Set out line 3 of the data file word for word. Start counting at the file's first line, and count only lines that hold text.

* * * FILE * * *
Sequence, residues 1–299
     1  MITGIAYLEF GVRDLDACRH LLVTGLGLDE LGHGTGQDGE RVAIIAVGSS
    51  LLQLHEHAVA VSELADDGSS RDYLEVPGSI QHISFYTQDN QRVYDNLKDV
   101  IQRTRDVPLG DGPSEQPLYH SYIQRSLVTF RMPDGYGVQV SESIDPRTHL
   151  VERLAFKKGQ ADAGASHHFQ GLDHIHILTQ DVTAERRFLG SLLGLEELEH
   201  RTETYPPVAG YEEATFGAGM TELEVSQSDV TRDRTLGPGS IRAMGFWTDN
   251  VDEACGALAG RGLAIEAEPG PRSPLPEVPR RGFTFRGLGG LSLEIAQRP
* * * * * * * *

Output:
    51  LLQLHEHAVA VSELADDGSS RDYLEVPGSI QHISFYTQDN QRVYDNLKDV